Samson Movie Review

Note: This review contains a few spoilers, although since this is a historical account recorded in Scripture, most people are familiar with many of the details of Samson’s life.

The latest in a string of Bible-based movies opens in US theaters today, and this time viewers have an opportunity to watch the famous strong man wreak havoc on the Philistines. Produced by Pure Flix, the studio that made God’s Not Dead and The Case for Christ, this cinematic version of Samson brings to life the Old Testament hero in a powerful way.

Capturing Samson (on Film That Is)

The movie opens with Samson as an adult who knows God has set him apart to be a judge of Israel and to give Israelites relief from Philistine oppression. He is not sure how to go about this task until a series of events forces his hand and Samson quickly becomes the Philistines’ most dangerous enemy.

All the major scenes from Samson’s adult life are included in the film, so moviegoers will witness his killing of a lion, his tragic (and very brief) marriage, Samson’s riddle, his use of foxes to burn the fields, his numerous battles with the Philistines (including the spectacular jaw-dropping—or jaw-wielding—fight in which he killed 1,000 men), Samson’s disastrous relationship with Delilah, his capture, and his death. The one minor event missing from the film was (thankfully) his encounter with a harlot (Judges 16:1), though the movie did allude to it by showing events from later that evening, when he carried away the city gate.

Artistic License

As with any movie dealing with biblical history, many Christians who are thinking about going to see it will wonder whether the movie gets it right when portraying Scripture. Some may question why Bible-related movies frequently include details that are not found in the text. But it is important to realize that the Bible is not written as a screenplay. If a movie consisted of only the Samson narrative from Judges chapters 13–16, the film would be rather short and would not flow very well. Inevitably, some artistic license must be taken to craft a story that plays well on the screen, filling in with scenes that are not provided in the Bible. (This is similar to the exhibits inside our Ark Encounter, where, for example, we have given names to Noah’s wife and daughters-in-law, which are not recorded in Scripture.) The artistic license will often go beyond the biblical text, but it should never contradict it. The filmmakers did a good job of capturing the spirit of the Old Testament narrative, but not every detail as the text describes.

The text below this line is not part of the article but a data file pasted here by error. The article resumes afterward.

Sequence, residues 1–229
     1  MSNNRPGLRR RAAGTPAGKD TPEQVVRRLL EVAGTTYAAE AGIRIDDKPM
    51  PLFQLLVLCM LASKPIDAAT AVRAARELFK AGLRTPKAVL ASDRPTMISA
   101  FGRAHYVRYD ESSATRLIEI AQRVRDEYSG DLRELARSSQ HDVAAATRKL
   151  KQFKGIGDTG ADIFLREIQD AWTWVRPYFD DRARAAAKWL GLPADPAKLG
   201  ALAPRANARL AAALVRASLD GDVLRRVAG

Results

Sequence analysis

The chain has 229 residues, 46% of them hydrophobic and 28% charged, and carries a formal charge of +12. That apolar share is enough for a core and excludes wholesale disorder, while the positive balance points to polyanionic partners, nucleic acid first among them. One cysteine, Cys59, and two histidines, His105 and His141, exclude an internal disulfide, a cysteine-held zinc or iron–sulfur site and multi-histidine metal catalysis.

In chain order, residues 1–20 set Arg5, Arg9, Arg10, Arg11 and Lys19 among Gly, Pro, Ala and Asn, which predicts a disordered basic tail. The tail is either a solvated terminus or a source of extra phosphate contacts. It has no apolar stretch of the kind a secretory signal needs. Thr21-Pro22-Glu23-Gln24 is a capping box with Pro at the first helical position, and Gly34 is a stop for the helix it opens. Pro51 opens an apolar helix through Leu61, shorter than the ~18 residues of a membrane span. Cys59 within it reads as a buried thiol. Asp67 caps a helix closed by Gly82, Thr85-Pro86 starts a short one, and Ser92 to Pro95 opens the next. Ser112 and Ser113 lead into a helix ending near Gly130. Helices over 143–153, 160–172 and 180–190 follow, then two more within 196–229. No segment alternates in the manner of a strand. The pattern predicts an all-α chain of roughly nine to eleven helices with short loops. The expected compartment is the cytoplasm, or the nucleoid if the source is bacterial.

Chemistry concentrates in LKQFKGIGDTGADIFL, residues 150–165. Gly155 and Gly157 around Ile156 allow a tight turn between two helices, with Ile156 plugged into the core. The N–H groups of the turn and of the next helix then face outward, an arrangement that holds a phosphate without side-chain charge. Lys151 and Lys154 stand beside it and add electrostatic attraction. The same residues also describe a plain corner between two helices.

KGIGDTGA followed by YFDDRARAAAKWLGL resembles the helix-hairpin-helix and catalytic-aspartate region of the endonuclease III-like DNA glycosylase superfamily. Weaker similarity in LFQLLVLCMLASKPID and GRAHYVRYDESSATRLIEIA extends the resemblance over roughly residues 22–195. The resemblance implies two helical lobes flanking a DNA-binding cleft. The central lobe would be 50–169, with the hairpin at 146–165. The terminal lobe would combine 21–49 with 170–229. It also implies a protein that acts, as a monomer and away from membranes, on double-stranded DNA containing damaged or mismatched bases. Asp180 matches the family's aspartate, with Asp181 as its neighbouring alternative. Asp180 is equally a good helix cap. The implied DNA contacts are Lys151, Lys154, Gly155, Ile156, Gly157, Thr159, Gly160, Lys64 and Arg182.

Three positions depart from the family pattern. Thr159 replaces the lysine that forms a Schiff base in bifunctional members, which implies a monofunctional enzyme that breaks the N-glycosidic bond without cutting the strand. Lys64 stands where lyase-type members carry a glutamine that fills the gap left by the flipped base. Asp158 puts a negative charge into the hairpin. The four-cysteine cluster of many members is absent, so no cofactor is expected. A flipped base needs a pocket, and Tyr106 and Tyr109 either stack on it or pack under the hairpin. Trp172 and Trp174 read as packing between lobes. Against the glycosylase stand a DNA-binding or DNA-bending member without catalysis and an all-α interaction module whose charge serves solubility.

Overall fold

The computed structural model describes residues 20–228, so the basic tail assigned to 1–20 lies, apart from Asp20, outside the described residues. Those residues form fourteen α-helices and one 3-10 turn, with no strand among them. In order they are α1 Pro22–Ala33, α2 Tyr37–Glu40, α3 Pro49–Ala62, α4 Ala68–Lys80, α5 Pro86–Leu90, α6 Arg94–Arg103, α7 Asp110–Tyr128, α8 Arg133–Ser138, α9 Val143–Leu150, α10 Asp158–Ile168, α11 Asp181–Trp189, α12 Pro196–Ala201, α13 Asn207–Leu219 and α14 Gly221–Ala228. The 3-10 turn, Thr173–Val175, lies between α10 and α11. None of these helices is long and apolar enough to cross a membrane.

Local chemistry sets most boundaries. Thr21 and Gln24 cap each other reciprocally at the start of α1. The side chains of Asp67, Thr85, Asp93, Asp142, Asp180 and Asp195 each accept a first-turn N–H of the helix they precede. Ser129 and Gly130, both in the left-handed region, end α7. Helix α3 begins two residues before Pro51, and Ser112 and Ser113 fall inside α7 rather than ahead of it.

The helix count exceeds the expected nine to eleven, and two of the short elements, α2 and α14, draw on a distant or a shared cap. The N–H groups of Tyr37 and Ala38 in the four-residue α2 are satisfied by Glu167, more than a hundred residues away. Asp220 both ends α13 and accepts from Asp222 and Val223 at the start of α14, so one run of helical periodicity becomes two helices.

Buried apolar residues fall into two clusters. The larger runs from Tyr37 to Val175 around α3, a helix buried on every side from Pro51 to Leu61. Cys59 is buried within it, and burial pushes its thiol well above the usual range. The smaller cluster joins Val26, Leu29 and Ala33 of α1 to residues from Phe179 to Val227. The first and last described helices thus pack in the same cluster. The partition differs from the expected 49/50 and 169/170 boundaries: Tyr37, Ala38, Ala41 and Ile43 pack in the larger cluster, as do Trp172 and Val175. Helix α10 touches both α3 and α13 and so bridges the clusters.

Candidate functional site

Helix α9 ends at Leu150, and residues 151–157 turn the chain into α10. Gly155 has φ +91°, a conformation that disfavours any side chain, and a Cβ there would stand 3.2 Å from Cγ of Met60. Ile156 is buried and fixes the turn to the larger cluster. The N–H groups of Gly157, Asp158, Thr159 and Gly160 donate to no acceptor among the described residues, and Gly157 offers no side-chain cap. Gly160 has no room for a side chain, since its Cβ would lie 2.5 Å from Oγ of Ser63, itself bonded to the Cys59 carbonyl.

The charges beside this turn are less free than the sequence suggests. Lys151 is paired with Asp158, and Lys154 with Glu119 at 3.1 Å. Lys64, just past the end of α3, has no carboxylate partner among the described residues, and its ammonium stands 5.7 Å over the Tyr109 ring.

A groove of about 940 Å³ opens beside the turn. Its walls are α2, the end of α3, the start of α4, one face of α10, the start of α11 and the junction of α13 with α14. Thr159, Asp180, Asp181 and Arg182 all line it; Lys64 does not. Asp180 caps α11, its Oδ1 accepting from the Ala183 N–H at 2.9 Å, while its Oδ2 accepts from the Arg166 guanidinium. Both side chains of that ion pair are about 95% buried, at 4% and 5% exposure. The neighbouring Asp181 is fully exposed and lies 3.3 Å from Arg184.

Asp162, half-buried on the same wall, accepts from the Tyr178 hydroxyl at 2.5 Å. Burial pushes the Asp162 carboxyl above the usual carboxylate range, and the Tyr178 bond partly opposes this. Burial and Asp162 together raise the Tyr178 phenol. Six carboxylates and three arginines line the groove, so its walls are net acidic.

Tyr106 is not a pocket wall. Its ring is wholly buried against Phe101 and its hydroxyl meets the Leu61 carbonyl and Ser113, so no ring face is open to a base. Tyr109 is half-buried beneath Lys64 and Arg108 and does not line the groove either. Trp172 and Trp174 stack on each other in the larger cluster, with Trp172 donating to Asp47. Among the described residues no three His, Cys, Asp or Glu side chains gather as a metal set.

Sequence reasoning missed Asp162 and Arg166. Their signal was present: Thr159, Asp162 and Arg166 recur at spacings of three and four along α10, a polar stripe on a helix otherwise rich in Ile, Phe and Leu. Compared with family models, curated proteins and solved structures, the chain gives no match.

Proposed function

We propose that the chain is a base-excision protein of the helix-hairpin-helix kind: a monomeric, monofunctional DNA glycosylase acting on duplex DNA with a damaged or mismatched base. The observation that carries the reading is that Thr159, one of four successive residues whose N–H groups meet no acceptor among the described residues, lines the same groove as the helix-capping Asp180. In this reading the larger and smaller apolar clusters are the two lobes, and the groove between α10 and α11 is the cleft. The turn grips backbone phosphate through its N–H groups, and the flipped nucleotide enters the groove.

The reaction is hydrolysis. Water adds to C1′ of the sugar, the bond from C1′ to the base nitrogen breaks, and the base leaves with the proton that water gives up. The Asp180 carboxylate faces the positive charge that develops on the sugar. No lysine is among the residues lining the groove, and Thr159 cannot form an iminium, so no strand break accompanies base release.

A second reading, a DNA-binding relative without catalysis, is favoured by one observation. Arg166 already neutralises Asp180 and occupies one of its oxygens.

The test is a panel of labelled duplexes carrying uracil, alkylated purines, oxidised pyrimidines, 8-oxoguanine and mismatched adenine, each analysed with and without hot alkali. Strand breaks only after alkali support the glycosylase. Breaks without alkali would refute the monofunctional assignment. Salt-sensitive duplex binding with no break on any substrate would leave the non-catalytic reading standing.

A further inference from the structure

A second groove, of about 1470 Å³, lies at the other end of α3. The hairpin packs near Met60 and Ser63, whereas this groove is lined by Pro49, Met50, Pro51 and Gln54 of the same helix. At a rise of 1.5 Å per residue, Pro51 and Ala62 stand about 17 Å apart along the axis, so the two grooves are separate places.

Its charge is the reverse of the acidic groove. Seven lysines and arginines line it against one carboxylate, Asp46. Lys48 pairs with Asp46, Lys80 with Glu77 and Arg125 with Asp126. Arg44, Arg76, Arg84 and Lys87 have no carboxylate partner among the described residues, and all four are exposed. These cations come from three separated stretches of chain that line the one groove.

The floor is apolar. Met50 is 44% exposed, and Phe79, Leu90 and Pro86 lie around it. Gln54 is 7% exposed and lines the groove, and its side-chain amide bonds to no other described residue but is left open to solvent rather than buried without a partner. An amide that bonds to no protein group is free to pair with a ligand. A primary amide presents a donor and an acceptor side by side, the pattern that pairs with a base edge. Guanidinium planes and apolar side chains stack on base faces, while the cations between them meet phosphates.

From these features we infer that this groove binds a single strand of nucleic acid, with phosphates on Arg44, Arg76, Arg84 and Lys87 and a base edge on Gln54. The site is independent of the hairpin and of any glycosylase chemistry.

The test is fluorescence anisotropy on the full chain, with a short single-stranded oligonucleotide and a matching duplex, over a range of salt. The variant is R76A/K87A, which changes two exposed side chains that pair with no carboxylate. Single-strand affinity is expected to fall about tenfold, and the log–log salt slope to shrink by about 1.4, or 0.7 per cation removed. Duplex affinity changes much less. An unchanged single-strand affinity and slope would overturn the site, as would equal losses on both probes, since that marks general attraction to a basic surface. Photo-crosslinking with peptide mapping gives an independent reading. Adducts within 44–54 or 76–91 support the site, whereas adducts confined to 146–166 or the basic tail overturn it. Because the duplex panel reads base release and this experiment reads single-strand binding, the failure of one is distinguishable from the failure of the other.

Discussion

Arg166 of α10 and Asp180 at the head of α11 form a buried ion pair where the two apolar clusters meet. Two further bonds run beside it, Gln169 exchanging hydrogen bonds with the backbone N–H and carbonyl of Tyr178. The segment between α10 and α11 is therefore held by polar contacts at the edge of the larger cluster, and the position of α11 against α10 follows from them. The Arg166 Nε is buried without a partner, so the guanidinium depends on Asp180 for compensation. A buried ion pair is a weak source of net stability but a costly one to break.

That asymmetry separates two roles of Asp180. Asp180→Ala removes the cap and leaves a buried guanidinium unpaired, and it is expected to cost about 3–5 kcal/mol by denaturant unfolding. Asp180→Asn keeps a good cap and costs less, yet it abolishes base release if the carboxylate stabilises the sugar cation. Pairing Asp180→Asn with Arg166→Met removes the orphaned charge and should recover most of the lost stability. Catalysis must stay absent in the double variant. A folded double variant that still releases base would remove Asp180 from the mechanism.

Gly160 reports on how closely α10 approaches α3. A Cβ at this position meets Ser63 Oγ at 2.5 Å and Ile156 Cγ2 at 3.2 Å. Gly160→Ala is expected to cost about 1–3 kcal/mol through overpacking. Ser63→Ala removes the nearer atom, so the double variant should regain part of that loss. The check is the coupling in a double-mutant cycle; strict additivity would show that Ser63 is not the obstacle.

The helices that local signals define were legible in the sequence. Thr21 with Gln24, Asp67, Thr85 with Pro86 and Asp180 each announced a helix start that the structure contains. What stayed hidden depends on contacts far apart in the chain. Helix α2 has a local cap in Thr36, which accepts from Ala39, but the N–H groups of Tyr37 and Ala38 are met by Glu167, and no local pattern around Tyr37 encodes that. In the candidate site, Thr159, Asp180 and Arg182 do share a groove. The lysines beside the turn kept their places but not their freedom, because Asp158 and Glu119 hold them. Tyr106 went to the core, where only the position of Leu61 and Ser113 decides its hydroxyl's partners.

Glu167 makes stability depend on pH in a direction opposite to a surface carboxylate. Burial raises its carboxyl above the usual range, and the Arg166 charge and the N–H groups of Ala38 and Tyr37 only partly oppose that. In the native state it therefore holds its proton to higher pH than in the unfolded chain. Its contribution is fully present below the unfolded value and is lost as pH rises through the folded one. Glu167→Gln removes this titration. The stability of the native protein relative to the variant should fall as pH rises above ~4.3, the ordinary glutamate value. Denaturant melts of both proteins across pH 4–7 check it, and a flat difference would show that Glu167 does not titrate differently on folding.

Instead of portraying Samson as a muscle man who kept messing up, the film gives us a glimpse of a man who might have been faithful during much of his life, which might explain why he is included in the “faith hall of fame.”

Some of the accounts of Samson in the Bible are brutal ones, and if a film detailed everything that went on, it could be rated R for violence and sexual content. The movie handles the violence well. While it is surely too intense for some viewers, it is not gratuitous or gory (with just a little blood here and there). As for sexual content, the film does not depict anything beyond a few kisses.

Samson also comes across in the film as perhaps a more sympathetic character than he does in the Bible, where we only see his great victories and his awful failures. But we know he judged Israel for 20 years, so Samson undoubtedly had many times when he behaved appropriately. The movie shows him praying for guidance on numerous occasions, and it is very clear that Samson’s superhuman strength came directly from the Lord. It also shows him seeking God’s forgiveness and admitting his failures. We also see Samson show forgiveness to someone who betrayed him.

Instead of portraying Samson as a muscle man who kept messing up, the film gives us a glimpse of a man who might have been faithful during much of his life, which might explain why he is included in the “faith hall of fame” recorded in the Book of Hebrews in chapter 11 and verse 32.

Drama, Not Documentary